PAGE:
So what are we to make of the fact that Jon is indisputably the sole rightful heir to the Iron Throne, and remains alive (after killing his only rival), yet is not even considered for the job by the lords? In the count of those who might serve as the monarch, the one “true” monarch is not counted. Grey Worm (the only “lord” of color) makes sure of that, despite having no valid authority in Westeros. His only claim to it is his passionate attachment to the dead would-be queen. Is it that moments of founding require relinquishing or precluding claims of antecedent legitimacy? Is that why Jon must remain alive and in exile, to embody the wheel that has been broken? Jon is monarchy “under erasure.”
As for “electing the king,” the choice of a blank, inhuman “ruler” amounts to the invention of constitutional monarchy. That’s underscored by his exit from the small council meeting, which is now clearly the locus of fractious decision making. And by his “throne,” which is literally a seat not of power but of incapacity. (Evidently, breaking the wheel = Bran the Broken on wheels.)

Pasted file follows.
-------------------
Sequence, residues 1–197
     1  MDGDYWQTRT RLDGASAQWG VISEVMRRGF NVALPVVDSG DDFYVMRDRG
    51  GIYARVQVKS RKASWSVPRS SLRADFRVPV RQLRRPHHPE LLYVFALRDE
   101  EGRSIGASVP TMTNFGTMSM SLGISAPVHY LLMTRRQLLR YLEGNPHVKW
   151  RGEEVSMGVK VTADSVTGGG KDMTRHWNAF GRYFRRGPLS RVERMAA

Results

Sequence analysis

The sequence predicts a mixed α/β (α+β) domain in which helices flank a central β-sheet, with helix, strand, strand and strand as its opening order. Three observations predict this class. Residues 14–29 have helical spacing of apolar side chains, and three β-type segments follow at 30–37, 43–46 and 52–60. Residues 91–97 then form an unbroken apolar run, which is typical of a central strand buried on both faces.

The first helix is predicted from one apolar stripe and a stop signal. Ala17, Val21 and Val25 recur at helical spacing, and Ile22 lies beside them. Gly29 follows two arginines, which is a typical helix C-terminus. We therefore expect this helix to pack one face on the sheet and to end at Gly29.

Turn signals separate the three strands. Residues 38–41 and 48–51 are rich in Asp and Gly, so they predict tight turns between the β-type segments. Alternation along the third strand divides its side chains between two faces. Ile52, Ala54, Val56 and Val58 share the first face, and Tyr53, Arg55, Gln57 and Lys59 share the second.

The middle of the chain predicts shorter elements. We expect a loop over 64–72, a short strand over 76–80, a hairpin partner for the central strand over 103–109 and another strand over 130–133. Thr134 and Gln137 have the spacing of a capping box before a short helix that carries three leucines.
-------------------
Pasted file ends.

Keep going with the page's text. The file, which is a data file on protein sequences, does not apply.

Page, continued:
Dany, the figure of revolution, is a kind of vanishing mediator. Like Jon, we are asked to invest all our passions in her, yet destined to desire her death. This is accomplished through the genre conventions of tragedy, but also in strict accordance with the patriarchal code. Only a (highly desirable) woman can carry out this particular narrative and symbolic mandate, one that splits her in two several times over. Westeros remains “the realm of men,” so much so that the sole woman on the small council must literally become a “sir” to be fit for the job, and the other formidable women, Sansa and Arya, are exiled from it altogether. No place for them in the new order.